Currently, 38 school resource officers are sheriff’s deputies, and the rest are security officers hired by Shelby County Schools. The officers respond and work to prevent criminal activity in all high schools and middle schools, Hopson said. The 30 additional officers would augment staffing at some schools and for the first time, branch out to some elementary schools. Hopson said those decisions will be based on crime rates in surrounding neighborhoods and school incidents.

Hopson’s initial recommendation for more school resource officers was in response to the school shooting in Parkland, Florida, that killed 17 people and sparked a wave of student activism on school safety, including in Memphis.

Gov. Bill Haslam’s recent $30 million budget boost would allow school districts across Tennessee to hire more law enforcement officers or improve building security. Measures to arm some teachers with guns or outlaw certain types of guns have fallen flat.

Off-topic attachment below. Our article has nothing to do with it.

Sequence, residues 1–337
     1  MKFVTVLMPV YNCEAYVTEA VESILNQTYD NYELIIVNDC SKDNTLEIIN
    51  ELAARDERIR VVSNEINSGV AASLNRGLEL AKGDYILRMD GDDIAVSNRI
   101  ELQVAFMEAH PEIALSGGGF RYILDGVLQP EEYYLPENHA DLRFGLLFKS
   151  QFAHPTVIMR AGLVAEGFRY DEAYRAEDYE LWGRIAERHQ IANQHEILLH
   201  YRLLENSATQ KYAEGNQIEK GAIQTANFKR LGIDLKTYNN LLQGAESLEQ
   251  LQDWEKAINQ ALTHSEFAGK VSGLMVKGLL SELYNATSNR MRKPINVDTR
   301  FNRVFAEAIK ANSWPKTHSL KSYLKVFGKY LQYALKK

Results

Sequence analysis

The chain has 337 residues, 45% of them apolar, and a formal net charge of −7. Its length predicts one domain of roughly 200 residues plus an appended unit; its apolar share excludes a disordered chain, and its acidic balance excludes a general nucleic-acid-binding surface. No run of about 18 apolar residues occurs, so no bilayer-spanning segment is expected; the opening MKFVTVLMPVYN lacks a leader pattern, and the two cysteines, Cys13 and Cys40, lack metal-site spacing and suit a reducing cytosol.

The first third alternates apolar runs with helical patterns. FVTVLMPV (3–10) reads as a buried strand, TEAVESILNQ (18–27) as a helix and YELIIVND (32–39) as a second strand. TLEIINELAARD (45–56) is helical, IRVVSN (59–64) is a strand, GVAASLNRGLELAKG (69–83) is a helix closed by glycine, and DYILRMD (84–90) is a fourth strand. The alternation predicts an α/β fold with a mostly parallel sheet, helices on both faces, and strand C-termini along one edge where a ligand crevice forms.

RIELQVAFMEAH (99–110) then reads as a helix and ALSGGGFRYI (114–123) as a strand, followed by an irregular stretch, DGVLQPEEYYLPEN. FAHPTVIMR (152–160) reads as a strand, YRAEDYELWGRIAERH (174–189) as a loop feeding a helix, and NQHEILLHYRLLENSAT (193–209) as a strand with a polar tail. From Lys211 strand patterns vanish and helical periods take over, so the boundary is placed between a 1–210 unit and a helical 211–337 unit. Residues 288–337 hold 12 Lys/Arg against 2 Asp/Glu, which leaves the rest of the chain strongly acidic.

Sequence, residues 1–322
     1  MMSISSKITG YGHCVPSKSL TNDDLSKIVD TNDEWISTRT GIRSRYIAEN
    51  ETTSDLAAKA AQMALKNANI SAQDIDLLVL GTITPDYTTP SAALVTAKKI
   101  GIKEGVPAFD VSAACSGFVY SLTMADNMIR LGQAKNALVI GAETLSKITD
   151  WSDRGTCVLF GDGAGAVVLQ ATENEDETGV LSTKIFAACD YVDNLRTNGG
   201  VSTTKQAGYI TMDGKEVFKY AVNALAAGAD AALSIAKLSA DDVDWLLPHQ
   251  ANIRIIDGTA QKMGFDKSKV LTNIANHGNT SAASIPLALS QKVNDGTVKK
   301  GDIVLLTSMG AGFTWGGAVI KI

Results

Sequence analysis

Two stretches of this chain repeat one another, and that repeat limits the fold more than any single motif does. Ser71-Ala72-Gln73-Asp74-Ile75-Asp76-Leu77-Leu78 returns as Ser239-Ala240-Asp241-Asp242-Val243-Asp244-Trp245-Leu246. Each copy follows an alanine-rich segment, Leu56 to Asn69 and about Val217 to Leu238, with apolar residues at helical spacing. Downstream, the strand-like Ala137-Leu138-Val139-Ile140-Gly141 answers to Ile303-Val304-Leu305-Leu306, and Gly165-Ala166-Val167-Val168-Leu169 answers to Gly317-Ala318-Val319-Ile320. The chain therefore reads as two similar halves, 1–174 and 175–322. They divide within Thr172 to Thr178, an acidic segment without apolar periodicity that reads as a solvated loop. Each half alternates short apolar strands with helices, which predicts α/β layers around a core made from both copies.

For more on the role and history of school resource officers in Tennessee, read our five things to know.


Sheriff’s deputies and district security officers meet weekly, said Capt. Dallas Lavergne of the Shelby County Sheriff’s Office. When the Memphis Police Department pulled their officers out of school buildings following the merger of city and county school systems, the county Sheriff’s Office replaced them with deputies.

All deputy recruits go through school resource officer training, and those who are assigned to schools get additional annual training. In a 2013 review of police academies across the nation, Tennessee was cited as the only state that had specific training for officers deployed to schools.